How Google Thinks, Works, & Shapes Our Lives
from Casa Noches.com 13 Oct 13 enhanced by Peter/CXO Wiz4.biz 13/13
Why read the Book? Steven Levy’s 2011 book “In the Plex”, is very much worth reading for anyone in or around the tech industry, or for an outsider who’s seeking an accessible description of what makes Google’s business “magical”. In other words, even if you know a lot about Google already, there are dozens of interesting nuggets about the creation of the various products. And if you don’t know the first thing about AdWords or why Google Search (at 70% of the market), is better than other services, you’ll find a jargon-free, yet still sophisticated description. Highlights from the book are below.
Google University is even its own version of the Learning Annex (continuing Adult education). Besides a number of work-related courses (“Managing Within the Law,” “Advanced Interviewing Techniques”), there were classes in Creative Writing, Greek mythology, mindfulness-based Stress Reduction, and, for those contemplating a new career funded with Google gains, “Terroir: The Geology & Wines of California.”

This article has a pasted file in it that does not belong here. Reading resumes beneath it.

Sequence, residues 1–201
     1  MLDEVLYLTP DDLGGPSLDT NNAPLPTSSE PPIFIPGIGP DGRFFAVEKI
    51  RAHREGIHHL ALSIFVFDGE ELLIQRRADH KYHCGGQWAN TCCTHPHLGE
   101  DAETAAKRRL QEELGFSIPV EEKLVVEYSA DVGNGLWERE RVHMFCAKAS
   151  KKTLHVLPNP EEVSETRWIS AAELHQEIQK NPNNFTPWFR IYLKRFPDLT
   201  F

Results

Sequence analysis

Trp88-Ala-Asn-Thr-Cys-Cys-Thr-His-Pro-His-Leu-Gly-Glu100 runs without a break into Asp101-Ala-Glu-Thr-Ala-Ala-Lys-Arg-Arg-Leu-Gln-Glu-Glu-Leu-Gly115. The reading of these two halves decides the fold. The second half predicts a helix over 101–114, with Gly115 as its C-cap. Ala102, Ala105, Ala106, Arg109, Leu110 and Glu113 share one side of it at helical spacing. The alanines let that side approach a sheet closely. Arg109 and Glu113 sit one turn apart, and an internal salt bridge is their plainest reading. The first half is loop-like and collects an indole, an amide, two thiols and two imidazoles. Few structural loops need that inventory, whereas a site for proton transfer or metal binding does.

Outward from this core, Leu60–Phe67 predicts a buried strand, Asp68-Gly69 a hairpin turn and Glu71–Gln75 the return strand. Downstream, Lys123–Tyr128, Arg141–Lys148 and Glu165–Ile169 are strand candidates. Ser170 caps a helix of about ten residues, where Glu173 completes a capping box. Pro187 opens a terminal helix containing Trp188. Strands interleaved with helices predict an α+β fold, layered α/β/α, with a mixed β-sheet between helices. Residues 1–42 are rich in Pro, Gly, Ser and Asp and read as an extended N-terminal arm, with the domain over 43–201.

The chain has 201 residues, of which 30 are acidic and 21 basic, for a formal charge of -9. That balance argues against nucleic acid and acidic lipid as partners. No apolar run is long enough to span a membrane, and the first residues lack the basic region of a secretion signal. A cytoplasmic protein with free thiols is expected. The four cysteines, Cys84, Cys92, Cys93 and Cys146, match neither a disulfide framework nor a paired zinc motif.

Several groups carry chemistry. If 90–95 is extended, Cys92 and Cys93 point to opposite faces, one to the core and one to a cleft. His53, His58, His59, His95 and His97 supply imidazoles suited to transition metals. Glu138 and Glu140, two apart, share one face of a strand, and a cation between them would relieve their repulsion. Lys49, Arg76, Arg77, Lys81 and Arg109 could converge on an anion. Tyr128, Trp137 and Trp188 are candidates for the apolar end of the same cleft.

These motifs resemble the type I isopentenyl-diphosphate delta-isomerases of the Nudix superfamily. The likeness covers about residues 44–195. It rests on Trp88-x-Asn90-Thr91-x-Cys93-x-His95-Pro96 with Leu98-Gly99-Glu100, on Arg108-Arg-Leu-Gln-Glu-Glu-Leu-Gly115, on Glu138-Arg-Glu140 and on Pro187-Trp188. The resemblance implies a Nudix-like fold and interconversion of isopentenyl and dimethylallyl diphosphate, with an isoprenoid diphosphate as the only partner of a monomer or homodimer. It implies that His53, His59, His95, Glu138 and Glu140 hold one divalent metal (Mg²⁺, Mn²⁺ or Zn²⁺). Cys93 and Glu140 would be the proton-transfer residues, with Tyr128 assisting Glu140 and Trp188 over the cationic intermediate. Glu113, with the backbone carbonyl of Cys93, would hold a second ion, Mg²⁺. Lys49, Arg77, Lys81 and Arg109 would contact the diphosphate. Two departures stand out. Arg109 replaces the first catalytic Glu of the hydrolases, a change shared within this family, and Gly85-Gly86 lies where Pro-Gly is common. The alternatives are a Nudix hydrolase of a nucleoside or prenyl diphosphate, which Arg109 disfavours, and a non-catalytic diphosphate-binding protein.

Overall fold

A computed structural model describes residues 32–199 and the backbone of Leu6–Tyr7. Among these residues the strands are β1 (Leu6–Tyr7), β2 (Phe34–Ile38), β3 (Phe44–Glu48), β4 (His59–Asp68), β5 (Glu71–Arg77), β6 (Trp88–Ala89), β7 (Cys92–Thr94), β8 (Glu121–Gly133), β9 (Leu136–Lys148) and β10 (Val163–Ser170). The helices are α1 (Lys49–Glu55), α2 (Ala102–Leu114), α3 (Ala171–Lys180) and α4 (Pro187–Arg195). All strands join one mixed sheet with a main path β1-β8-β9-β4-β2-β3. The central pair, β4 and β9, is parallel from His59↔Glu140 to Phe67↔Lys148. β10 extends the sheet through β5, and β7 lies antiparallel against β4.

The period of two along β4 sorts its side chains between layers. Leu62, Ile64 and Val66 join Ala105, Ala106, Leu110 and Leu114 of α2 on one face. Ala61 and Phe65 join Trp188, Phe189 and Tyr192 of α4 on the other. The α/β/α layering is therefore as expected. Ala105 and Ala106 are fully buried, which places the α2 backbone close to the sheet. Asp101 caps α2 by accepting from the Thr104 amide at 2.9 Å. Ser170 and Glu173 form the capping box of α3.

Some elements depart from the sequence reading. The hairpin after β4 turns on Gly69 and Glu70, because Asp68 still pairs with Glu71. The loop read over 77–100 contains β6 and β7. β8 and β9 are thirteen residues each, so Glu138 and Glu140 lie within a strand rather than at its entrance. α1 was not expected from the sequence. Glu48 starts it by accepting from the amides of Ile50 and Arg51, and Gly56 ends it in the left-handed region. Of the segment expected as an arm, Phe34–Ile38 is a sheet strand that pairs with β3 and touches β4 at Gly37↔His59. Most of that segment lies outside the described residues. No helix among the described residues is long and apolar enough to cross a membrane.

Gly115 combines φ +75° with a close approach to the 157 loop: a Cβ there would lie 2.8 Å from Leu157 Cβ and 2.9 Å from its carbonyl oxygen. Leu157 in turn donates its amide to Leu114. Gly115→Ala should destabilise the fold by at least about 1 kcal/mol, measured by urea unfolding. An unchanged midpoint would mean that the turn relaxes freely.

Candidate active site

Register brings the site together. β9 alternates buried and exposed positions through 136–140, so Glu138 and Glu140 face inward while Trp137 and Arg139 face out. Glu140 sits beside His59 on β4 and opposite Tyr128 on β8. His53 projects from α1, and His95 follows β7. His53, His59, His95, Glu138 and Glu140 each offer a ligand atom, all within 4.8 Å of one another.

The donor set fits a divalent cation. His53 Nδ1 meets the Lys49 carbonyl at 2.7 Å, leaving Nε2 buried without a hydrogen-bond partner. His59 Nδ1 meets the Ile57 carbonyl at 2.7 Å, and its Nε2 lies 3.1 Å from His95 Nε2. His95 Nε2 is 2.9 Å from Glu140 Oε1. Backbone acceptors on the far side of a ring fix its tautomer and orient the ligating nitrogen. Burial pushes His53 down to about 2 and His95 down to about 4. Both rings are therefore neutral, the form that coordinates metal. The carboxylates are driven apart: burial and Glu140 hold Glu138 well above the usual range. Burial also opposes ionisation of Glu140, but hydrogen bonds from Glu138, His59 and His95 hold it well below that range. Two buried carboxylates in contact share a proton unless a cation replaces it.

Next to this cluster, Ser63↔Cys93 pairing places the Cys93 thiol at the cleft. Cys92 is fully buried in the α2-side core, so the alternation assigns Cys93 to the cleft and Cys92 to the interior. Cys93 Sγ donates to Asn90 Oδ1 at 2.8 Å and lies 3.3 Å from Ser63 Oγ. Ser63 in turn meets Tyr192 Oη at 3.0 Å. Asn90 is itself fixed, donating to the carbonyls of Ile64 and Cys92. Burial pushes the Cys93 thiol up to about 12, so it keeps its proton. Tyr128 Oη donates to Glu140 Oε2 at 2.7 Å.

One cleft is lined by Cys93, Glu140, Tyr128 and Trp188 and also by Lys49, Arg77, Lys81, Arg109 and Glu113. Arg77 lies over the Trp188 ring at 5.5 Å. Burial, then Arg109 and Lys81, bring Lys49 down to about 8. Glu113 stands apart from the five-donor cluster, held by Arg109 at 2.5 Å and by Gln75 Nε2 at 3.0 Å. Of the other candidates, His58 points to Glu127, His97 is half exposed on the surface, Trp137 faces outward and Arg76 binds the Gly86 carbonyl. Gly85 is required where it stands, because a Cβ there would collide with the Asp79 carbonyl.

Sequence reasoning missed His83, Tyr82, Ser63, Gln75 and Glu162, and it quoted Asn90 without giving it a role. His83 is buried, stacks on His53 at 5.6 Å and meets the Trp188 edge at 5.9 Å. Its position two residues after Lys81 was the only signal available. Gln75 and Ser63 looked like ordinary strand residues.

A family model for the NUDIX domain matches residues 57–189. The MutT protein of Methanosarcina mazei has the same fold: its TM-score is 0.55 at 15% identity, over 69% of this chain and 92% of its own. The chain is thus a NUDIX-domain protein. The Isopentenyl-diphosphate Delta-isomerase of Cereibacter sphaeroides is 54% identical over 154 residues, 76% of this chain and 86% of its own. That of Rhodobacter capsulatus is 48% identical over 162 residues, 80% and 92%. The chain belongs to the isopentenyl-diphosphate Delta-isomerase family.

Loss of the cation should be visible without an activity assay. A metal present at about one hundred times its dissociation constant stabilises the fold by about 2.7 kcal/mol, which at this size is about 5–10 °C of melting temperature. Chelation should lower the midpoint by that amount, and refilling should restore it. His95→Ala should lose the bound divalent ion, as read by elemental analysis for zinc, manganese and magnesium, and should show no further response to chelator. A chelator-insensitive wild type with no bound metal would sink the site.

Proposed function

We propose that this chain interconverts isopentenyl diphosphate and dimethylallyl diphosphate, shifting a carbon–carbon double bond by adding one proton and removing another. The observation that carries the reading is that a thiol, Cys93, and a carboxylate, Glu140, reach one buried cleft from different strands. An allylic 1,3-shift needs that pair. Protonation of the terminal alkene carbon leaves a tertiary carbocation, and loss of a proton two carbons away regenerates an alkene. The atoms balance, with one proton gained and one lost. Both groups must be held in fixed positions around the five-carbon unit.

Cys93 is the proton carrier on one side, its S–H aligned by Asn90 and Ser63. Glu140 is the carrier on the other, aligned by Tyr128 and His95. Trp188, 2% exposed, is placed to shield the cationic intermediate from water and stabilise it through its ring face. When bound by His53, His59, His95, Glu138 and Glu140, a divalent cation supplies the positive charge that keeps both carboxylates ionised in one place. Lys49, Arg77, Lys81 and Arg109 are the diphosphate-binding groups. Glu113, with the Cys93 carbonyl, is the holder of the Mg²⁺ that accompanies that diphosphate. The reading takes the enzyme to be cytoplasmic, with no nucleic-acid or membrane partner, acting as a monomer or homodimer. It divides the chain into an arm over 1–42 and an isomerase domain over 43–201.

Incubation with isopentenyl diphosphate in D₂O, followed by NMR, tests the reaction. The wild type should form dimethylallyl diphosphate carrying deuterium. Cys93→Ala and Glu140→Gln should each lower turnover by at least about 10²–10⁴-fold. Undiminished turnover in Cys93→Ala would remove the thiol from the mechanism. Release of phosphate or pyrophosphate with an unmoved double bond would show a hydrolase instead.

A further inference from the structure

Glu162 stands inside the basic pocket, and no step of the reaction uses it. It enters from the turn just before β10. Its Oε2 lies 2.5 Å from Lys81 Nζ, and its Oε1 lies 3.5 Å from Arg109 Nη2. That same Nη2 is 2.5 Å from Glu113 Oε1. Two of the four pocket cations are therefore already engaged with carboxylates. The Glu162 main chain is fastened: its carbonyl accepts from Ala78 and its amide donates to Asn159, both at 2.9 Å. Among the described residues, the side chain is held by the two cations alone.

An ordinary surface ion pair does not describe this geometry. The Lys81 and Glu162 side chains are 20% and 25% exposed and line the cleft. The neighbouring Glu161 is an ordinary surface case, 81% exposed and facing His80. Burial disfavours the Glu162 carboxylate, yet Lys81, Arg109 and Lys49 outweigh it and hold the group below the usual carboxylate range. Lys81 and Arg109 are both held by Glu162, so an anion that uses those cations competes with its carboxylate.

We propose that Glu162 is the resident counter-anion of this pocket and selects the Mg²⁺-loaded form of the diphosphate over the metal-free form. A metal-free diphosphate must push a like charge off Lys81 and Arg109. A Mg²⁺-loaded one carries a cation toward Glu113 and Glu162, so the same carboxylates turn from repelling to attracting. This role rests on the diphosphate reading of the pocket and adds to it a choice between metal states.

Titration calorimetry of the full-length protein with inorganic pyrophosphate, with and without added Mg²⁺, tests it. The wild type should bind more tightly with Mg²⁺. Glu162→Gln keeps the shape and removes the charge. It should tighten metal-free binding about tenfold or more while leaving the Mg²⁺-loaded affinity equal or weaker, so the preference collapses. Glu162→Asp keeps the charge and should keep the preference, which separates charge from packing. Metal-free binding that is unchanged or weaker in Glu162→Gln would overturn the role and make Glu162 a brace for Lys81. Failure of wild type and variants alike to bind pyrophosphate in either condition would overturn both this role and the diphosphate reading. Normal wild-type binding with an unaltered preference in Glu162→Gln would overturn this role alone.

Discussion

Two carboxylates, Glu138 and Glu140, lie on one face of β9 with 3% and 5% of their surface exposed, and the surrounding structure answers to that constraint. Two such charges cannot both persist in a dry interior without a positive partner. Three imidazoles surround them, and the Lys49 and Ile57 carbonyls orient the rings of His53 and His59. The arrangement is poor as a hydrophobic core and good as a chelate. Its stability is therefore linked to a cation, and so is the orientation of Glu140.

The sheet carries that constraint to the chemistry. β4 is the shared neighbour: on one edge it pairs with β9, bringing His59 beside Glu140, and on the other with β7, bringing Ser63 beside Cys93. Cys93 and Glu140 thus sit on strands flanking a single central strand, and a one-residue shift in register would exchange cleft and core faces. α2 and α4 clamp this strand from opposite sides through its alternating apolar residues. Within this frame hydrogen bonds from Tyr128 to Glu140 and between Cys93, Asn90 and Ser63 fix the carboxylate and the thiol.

“Don’t be Evil, Do the right thing” or something more positive?” we asked. Execs: Marissa & Salar agreed, but the geeks—Buchheit & Patel—wouldn’t budge. “Don’t be evil” pretty much said it all, as far as they were concerned. They fought off every attempt to drop it from the list. “They liked it the way it was,” Sullivan would later say with a sigh. “It was very important to Engineering that they were not going to be like Microsoft, they were not going to be an “evil” company [that monopolized it’s market].” But then CEO Eric Schmidt revealed Google’s internal Motto to a reporter from Wired magazine. To McCaffrey, that was the moment when . . .
“Don’t be Evil” got out of control and became a hammer to clobber Google’s every move. “We lost it, and I could never grasp it back,” she says. “Everybody would’ve been happy if it could’ve been this sort of silent code or little undercurrent that we secretly harbored instead of this thing that set us up for a lot of ridiculous criticism.” Elliot Schrage, who was in charge of communications and policy for Google from 2005 to 2008, concluded that “Don’t be evil” might originally have benefited the company but became “a millstone around my neck” as Google’s growth took it to controversial regions of the world.
[ Prediction Market, Distribution of Projects, OKRs (Objectives & Key Results), OKRs as Bench-marks in Premium Content ]